Lebanon Jails Former Pro-Syrian Minister

May 13, 2015  

A military tribunal on Wednesday sentenced former pro-Damascus Lebanese minister Michel Samaha to four-and-a-half years in jail over terrorism charges, according to AFP.

The court said Samaha, arrested in August 2012, would be released at the end of this year taking into account time served and because the judicial year amounts to nine months in Lebanon.

He was found guilty of “having tried to carry out terrorist actions and for belonging to an armed group,” it said.

The former information minister was also stripped of his civic and political rights.

Defense lawyer Rana Azoury, whose team argued that Samaha fell into a trap set by Lebanese intelligence services, said she would appeal against the ruling to the country’s court of cassation.

Samaha, who was also once an adviser to Syrian President Bashar al-Assad, admitted in court last month that he had transported explosives from Syria for use in attacks in Lebanon, but argued he had been the victim of entrapment.

The explosives were to be used in blasts on the Lebanese border, intended to force the closure of the frontier and stop the passage of Lebanese fighters joining rebel forces in Syria.

“Under Lebanese law, if you acted because of the encouragement of an agent provocateur, that is exculpatory and a legitimate self-defense,” Azoury said in explaining Samaha’s testimony.

The prosecution charged that Samaha and Syrian security services chief Ali Mamluk transported explosives and planned attacks and assassinations of political and religious figures in Lebanon.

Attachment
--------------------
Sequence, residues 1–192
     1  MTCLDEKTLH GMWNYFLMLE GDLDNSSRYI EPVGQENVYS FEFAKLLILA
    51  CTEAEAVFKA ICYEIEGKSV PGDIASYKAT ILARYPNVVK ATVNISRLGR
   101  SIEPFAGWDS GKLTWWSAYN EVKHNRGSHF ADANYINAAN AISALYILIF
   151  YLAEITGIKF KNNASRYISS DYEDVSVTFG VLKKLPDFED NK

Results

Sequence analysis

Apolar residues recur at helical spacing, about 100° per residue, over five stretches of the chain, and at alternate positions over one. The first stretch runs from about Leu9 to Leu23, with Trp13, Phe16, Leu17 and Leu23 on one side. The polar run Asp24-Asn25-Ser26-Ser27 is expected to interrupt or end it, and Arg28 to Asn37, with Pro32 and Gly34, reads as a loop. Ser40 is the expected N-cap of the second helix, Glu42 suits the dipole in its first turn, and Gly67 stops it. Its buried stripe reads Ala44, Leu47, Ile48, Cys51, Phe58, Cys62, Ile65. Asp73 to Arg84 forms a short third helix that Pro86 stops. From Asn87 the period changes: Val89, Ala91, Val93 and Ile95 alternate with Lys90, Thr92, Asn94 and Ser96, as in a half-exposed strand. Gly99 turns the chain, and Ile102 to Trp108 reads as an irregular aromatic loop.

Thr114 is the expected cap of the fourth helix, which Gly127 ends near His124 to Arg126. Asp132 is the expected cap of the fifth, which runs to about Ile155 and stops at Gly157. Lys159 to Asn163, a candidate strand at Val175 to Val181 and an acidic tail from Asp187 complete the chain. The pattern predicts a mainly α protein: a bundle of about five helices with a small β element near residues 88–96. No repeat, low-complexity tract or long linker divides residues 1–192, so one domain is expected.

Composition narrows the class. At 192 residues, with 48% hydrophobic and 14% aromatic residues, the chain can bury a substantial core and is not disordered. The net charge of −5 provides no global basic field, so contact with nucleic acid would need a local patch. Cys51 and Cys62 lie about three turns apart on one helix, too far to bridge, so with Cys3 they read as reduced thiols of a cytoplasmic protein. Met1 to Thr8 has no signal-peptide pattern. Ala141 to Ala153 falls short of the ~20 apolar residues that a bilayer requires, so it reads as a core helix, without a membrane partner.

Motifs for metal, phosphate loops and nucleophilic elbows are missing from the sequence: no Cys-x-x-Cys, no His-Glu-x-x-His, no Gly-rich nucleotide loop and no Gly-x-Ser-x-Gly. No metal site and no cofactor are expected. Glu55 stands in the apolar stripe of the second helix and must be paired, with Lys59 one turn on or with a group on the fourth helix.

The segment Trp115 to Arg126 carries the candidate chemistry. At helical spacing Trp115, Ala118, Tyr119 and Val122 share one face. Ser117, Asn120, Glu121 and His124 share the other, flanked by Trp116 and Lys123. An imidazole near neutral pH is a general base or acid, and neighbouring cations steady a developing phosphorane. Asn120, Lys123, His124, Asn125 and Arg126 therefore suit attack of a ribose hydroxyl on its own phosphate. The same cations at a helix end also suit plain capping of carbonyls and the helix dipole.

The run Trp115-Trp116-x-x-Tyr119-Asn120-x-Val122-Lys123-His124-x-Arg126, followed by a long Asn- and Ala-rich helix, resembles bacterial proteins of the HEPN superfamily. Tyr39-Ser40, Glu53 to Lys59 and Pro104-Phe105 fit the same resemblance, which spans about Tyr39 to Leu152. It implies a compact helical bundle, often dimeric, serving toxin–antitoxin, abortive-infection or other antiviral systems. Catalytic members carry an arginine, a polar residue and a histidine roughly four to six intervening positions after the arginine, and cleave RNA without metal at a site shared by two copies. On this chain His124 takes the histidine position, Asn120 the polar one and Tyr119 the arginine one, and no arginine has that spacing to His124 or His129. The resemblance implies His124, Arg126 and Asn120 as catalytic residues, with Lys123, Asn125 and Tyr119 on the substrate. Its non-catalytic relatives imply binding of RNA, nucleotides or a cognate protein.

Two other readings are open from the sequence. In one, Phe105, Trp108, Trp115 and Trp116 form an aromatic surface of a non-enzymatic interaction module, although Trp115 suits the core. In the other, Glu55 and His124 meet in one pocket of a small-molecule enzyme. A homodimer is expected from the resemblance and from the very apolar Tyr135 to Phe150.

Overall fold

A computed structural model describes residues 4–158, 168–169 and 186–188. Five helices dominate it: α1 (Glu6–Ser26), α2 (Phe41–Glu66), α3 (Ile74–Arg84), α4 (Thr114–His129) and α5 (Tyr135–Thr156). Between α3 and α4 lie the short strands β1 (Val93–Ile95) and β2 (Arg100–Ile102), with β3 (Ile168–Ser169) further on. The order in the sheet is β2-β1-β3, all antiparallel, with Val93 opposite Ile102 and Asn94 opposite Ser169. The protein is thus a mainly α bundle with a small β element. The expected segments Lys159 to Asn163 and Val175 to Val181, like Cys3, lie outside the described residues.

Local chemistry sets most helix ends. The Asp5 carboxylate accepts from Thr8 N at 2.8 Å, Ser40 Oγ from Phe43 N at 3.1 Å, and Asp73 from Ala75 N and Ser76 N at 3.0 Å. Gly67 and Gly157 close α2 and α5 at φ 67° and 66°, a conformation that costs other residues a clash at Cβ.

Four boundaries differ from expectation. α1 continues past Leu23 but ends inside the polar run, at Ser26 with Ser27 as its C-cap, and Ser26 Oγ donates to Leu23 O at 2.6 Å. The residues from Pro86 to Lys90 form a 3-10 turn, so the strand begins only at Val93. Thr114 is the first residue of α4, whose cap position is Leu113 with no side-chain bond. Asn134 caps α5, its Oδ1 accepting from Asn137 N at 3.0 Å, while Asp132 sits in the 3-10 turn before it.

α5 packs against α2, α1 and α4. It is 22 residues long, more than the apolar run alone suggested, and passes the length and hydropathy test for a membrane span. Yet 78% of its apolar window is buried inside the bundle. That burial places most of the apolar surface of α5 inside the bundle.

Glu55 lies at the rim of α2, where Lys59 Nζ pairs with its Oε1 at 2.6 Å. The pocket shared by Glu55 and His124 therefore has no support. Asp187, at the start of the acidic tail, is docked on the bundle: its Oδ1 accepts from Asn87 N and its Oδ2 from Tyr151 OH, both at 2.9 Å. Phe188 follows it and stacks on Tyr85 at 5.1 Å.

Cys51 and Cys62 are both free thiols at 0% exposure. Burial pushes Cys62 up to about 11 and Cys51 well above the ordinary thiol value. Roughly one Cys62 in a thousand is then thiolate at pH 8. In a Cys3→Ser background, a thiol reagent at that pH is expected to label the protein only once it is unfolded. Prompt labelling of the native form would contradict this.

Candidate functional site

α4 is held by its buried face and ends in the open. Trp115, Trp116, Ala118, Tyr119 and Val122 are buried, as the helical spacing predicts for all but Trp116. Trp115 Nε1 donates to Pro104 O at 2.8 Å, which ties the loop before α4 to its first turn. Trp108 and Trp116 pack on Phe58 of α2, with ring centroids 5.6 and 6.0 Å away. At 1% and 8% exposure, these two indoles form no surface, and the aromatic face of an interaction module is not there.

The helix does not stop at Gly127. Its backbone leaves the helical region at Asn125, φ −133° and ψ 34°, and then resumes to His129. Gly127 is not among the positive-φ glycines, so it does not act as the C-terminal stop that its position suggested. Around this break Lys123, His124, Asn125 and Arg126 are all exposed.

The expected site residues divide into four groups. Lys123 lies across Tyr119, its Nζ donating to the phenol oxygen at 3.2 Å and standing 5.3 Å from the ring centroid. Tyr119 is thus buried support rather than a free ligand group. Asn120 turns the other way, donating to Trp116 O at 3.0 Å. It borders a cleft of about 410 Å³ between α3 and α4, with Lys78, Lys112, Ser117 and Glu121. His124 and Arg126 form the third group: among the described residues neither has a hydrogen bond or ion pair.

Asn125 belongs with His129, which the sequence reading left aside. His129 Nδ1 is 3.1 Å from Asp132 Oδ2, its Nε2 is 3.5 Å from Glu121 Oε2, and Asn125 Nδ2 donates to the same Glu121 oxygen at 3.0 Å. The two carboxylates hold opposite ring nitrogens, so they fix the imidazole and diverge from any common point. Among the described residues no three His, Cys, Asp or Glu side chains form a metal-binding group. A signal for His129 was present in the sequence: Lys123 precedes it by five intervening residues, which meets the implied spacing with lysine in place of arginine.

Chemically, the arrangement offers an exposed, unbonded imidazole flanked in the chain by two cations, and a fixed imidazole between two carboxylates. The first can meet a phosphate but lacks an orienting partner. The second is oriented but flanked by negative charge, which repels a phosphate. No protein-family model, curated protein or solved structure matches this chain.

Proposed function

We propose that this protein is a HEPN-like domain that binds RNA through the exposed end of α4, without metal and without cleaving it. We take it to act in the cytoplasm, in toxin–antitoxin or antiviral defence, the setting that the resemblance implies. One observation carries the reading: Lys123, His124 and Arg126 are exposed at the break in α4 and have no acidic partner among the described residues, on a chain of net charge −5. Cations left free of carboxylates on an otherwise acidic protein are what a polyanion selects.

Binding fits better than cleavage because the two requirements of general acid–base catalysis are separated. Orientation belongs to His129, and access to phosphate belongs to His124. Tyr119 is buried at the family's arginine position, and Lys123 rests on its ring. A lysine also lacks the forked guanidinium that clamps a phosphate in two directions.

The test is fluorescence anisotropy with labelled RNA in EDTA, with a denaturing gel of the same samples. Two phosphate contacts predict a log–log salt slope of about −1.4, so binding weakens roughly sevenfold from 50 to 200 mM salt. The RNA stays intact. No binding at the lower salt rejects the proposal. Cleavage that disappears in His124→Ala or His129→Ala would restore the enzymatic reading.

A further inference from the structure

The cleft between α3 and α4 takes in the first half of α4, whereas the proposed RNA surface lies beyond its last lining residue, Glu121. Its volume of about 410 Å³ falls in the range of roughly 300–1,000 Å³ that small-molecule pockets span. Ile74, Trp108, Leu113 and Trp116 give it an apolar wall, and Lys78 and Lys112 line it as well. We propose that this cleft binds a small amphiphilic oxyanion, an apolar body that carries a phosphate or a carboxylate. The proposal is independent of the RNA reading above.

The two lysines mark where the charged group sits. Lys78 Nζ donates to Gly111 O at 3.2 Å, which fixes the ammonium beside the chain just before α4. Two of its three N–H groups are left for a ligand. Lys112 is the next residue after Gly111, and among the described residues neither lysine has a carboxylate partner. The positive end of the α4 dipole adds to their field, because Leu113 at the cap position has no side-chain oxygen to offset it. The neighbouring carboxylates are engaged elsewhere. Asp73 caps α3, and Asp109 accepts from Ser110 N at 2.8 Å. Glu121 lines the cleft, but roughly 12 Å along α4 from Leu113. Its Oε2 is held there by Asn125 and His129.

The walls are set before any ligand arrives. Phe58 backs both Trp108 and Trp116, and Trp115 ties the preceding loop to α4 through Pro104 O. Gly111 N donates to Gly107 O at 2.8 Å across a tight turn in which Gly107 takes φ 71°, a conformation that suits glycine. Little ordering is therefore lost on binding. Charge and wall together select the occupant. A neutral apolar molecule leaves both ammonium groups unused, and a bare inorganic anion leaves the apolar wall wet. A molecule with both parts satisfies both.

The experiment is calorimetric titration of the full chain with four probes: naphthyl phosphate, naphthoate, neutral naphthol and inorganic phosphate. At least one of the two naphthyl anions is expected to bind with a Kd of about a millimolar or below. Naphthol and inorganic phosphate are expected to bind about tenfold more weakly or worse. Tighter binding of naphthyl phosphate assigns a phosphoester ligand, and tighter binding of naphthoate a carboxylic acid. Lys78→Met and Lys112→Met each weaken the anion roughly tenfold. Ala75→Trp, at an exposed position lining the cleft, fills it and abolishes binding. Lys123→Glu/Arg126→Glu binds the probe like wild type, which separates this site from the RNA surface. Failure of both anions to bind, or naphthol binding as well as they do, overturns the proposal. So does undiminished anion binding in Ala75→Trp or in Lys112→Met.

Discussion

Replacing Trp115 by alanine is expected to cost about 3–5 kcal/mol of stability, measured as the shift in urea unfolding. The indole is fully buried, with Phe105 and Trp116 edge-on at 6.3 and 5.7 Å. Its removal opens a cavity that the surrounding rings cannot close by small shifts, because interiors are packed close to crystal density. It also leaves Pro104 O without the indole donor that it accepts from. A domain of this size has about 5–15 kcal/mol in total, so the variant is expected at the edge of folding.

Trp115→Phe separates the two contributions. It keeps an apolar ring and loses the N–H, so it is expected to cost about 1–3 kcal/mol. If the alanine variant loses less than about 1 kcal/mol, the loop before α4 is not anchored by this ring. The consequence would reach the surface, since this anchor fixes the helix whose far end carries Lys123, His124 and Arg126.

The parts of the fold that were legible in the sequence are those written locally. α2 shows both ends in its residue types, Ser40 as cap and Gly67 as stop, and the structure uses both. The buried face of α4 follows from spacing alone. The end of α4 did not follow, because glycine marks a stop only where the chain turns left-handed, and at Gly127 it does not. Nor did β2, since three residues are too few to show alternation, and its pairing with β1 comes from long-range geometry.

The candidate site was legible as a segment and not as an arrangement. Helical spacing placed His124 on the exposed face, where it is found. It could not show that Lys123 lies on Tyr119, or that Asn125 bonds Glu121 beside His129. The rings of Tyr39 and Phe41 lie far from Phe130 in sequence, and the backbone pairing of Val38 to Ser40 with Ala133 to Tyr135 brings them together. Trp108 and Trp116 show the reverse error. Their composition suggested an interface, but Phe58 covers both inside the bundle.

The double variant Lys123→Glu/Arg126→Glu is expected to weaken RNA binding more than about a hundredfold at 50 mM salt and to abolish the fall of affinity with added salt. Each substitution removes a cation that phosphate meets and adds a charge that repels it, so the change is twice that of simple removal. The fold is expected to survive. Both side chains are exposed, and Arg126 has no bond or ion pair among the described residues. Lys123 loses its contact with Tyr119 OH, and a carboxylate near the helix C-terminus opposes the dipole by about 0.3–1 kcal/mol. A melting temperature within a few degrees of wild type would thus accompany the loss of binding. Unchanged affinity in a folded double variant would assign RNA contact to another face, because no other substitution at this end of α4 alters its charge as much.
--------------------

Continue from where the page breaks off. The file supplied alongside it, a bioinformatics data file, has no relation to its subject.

The trial was postponed multiple times because of the absence of Mamluk, who remains in Syria, until a judge separated the two cases, allowing Samaha’s trial to open on April 20.

Syria maintained a nearly 30-year presence in Lebanon, withdrawing its troops in 2005 after the assassination of former prime minister Rafiq Hariri.

But a series of assassinations of prominent anti-Syrian regime figures in Lebanon followed the withdrawal.

Samaha could have faced the death penalty if convicted in the trial.

The Lebanese judiciary has issued an arrest warrant for Mamluk and sent Syria a formal notification of the warrant and charges, but received no response.

Samaha’s trial came amid continuing tensions in Lebanon over the Syrian conflict that began in March 2011 with protests against Assad’s regime.

Beirut has maintained an official policy of neutrality on the war, but the violence has regularly spilled over its borders and exacerbated existing sectarian tensions.

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